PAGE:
MAY 17, 2007
 (MALAYA) By BERNICE P. VARONA - An innovative agricultural program from UP Los BaŮos (UPLB) is now benefiting thousands of farmers. As any farmer knows, bringing crops and pests together usually spells disaster. But one of UPLBís agricultural programs just happens to make it a lucrative and mutually beneficial affair.

Started in 2005, "The Agricultural Systems Cluster (ASC) Rice-Duck Model" is a development program implemented by the UPLB College of Agriculture (COA) in partnership with the Office of Provincial Veterinarian, Offices of Municipal Agriculturists, and farmer associations.

Today, the program involves the participation of 100 farmer-cooperators in four rice-duck zones (RDZs) with pilot sites in Laguna, particularly in the towns of Victoria, Sta. Cruz, and Siniloan, and San Pablo City.

What the Rice-Duck model does is create a way for the mallard ducks and the rice fields to literally live together. "Traditionally, rice and ducks are raised separately, but significant gains can be realized by raising both in the same field," Dr. Rectorino P. Escobin, Jr., a University Researcher of the ASC who won an award in the 2005 World Bank Development Marketplace Global Competition for his research, said.

The ducks can control the golden snail population, which will in turn improve rice field productivity. Duck farmers will benefit from cheaper duck feed, while rice farmers will gain from an environmentally friendly and inexpensive way to fight the destructive snails."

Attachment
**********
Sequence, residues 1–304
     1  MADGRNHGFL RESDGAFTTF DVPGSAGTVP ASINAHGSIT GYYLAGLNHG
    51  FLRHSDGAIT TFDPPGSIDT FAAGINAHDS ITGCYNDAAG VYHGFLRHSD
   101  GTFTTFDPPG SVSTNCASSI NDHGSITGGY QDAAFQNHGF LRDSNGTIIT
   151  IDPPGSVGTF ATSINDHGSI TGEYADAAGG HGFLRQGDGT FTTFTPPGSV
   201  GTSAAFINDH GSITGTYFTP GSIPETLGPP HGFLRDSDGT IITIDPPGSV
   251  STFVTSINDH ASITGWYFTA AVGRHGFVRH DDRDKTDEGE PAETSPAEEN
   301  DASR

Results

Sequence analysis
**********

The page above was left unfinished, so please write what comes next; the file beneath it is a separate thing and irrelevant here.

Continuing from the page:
Aside from providing additional income for the farmers, the "Duck Ranger" program is environmentally friendly as the ducks act as natural control agents, and so help minimize the use of expensive and hazardous chemicals, traditionally used against pests such as insects, weeds, rats, and golden snails.

Dr. Escobinís entry to the World Bank competition, "The Duck Ranger: Realizing the Multi-fold Benefits of Rice-Duck Systems," was among the 31 winners out of the 2,700 proposals submitted that year. The World Bank funds the program through a development grant as a part of the winnersí package.

The production of movable duck sheds that will house the free-ranging ducks as they move from one place to another will also facilitate this integrated farming model," Escobin explained. "The ASC Rice-Duck Model integrates 100 mallard ducks in at least one hectare of rice field. We provide support for the creation of the duck sheds of the beneficiaries, where locally available materials are used for construction. The sheds usually measure 100 square feet and are located on elevated ground to avoid flooding, as the ducks donít like muddy sheds."

The duck sheds have GI sheets as roofs, coco lumber as posts and frames, and used nets or bamboos for walls.

The program has so far conducted several activities in various communities to further expand its reach and incorporate improvements. These include participatory training

Chief News Editor: Sol Jose Vanzi

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